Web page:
FROM Ray McKinnon
Ray McKinnon’s ‘Rectify’ You may know Ray McKinnon as the doomed preacher from HBO’s Deadwood, or from his roles in FX’s Sons of Anarchy and films like Mud and The Blind Side. He’s also a writer and director. A decade ago he had idea for a TV show, based on several real-life cases where prisoners were exonerated on DNA evidence. He wrote a script that was picked up quickly, but languished for years. Now that idea has finally become a reality with the SundanceTV show Rectify. The show is what’s known as slow TV--thoughtful, almost meditative. The first season covers just one week in the life of Daniel Holden, play by Aden Young, released after 19 years on death row. The show is now in its second season, and McKinnon is in the home stretch of the editing. As he explains to Kim Masters, putting the finishing touches on the final episodes is the last step in what is, for him, an all-consuming process.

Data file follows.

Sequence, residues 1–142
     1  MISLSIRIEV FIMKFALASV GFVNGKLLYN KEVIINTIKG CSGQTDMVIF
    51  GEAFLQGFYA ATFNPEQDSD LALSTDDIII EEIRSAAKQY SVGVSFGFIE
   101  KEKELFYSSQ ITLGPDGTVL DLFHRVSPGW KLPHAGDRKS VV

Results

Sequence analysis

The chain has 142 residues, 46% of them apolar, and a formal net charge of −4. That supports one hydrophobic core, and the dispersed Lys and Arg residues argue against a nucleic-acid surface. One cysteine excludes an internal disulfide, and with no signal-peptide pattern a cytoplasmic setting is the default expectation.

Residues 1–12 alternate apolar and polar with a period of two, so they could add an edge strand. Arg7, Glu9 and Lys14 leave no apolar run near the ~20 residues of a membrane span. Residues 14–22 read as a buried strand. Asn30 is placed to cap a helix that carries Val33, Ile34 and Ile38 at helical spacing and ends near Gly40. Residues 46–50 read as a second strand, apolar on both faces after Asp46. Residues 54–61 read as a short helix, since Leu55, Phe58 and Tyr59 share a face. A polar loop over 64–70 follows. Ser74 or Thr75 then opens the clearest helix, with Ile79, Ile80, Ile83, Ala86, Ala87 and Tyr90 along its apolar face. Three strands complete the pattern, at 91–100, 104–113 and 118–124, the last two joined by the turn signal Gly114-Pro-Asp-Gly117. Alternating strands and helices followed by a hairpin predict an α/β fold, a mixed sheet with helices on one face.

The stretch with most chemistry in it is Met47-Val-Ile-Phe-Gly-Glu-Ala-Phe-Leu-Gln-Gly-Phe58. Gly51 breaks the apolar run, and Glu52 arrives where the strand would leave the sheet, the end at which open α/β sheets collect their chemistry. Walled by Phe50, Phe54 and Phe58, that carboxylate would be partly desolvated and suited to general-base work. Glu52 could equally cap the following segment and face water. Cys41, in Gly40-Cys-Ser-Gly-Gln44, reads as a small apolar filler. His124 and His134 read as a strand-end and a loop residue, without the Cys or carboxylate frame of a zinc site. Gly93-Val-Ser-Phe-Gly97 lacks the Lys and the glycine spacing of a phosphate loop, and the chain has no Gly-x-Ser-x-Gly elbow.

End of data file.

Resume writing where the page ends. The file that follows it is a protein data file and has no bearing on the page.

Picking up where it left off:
In 'Free Fire,' Ben Wheatley wants to "meet the audience halfway" British filmmaker Ben Wheatley has built up a cult following with his hyper-violent, darkly funny movies. His newest film Free Fire is an action comedy starring Brie Larson, Armie Hammer, and a whole lot of guns. The movie has the broadest commercial appeal of any of his work to date, but it's still a Ben Wheatley film, which means, spoiler alert...a lot of people die.
'A Square Meal,' a kosher slaughter and Ukrainian Easter eggs Historian Andrew Coe explains how the Great Depression altered the 1930s’ food landscape, and contributor Sam Brasch witnesses a kosher slaughter. Artist Sofika Zielyk shows us how to decorate Ukrainian Easter eggs, Sandor Katz discusses his latest fermentation projects, and Dana Cree introduces her new book, “Hello, My Name is Ice Cream.” Plus: Laura Avery finds Swiss chard at the market, and Jonathan Gold dines at Kismet.